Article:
Ryan Selkis: ETH may be more valuable than BTC

Ryan Selkis, CoinDesk's Managing Director, claims that ETH may be more valuable than BTC now
29 August 2017   1270

Ryan Selkis, CoinDesk's Managing Director and one of the significant members of crypto social media community, has posted a tweet concerning the value of two top cryptocurrencies. Thus, the man claims that Ethereum may be more valuable than Bitcoin is now.

Selkis also adds in the comments that his "BTC is getting largely reallocated to XMR/ZEC". 

On top of that, CoinDesk's Managing Director touches upon the SegWit2x topic saying that "he's afraid 2x will succeed, or if it fails miners will attack Core chain". Cryptocurrency Security Consultant, Sergio Demian Lerner, remarks on SegWit2x:

What gives Bitcoin value is that if it is attacked, and it does not withstand the attack, there are some devs that will fix it quickly. We're waiting until the bcash/2x/core fork saga clears a bit to launch the platform. A peg cannot withstand a split.

Sergio Demian Lerner
Cryptocurrency Security Consultant

Charlie Lee, the Litecoin creator also known as one of the most honest developers in the cryptocurrency world, also comments on the post suggesting launching "it on Litecoin first as they can help test it out and have no fork drama".

Tesla's cloud account hacked to mine cryptocurrency

Independent security group discovered Tesla's cloud account being hacked and infected with a miner-virus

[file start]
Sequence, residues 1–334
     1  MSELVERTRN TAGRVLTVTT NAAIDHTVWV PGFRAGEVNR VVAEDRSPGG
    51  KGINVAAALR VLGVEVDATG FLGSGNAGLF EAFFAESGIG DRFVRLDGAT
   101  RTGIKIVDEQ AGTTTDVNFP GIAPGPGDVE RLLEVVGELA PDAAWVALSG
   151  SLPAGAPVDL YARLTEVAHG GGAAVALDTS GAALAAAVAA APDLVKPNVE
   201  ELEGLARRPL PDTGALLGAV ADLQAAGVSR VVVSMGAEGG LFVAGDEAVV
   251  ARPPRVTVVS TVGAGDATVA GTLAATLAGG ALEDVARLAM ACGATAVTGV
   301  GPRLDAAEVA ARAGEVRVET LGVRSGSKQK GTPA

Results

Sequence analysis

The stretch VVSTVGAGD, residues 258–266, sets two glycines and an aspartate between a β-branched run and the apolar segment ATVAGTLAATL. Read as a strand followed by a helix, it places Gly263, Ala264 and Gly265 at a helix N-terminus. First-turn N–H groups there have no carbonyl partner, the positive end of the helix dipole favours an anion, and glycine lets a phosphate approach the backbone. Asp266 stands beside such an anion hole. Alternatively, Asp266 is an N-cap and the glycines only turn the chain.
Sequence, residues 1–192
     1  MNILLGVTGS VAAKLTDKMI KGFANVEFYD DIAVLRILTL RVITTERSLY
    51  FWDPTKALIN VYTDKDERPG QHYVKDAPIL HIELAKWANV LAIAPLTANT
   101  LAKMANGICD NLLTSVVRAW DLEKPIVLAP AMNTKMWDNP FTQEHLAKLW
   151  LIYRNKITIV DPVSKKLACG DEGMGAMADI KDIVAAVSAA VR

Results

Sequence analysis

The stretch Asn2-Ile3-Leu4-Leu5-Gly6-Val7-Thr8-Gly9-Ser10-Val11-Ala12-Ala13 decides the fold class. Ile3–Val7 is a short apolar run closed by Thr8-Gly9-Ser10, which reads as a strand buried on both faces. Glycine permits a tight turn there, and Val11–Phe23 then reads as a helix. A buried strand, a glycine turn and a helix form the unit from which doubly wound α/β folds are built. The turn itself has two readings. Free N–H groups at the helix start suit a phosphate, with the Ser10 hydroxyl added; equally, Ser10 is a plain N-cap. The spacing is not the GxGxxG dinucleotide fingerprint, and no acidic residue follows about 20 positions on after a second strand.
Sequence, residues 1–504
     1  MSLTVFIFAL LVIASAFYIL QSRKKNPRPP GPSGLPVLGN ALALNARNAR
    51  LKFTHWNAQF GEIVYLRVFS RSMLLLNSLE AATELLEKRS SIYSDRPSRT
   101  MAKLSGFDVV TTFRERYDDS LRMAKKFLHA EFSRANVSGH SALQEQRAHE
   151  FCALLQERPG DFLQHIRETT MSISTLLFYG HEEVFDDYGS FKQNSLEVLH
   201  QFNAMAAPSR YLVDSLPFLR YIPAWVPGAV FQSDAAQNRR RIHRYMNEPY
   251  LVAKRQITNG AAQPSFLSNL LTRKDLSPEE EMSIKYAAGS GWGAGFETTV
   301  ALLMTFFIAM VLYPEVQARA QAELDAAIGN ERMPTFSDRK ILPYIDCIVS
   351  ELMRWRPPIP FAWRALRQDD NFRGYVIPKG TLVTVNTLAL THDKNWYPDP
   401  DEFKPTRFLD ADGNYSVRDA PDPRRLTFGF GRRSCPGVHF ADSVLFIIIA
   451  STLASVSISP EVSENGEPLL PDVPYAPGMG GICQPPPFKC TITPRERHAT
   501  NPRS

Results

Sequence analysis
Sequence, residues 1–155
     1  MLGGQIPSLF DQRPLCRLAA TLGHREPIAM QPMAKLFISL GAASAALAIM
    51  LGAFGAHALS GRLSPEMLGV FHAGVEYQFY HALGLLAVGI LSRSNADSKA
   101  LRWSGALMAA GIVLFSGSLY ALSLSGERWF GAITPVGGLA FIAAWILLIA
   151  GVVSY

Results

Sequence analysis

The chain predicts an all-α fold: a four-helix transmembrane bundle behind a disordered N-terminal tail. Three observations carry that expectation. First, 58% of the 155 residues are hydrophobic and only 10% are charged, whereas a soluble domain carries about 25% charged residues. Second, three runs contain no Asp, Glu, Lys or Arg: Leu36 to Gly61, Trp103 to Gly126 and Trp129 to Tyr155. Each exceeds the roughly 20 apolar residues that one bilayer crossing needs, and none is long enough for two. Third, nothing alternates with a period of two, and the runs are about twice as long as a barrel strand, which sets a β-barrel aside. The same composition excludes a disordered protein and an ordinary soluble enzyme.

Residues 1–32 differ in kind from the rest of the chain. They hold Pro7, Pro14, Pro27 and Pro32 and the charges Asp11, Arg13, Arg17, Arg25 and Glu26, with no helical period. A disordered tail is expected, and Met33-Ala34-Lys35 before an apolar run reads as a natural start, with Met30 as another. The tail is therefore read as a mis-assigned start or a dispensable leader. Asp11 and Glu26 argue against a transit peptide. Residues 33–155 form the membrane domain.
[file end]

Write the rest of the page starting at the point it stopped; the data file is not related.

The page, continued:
21 February 2018   23

Cryptocurrencies are on the rise and all sorts of shady characters are trying to get in with dubious methods. Recent string of hacking attacks is a perfect example. And now not only exchanges and users with their hard-earned coins are in danger, but also companies with large cloud infrastructure face the same threat.

RedLock, a security research firm, reports that electric car manufacturer Tesla's cloud account information has been leaked to the internet, which allowed hackers to access the company's cloud. It has been hacked and hardware infected with a miner virus called Stratum. The mining protocol masks itself with low CPU usage and obscuring the IP of the mining server.

Of course, RedLock immediately contacted Tesla with this information and the company quickly got to fixing the breach. Tesla's spokesperson assured us that customer personal information hasn't been compromised, and that the vulnerability was patched in a matter of hours. Only small test park of internally-used engineering sample cars has been impacted and no indication whatsoever discovered that actual customer cars have been compromised in any way.

It certanly looks possible, because according to the same RedLock Cloud Security Intelligence group mining profitability of Tesla's cloud is worth a lot more that all the customer data available could be sold for on the black market. This also isn't the first instance of such a hack with no data being stolen. In fact, hacks with intention of hijacking mining capacity has already targeted Gemalto, a world's largest SIM-card manufacturer, and Aviva, a British insurance company, just to name a few.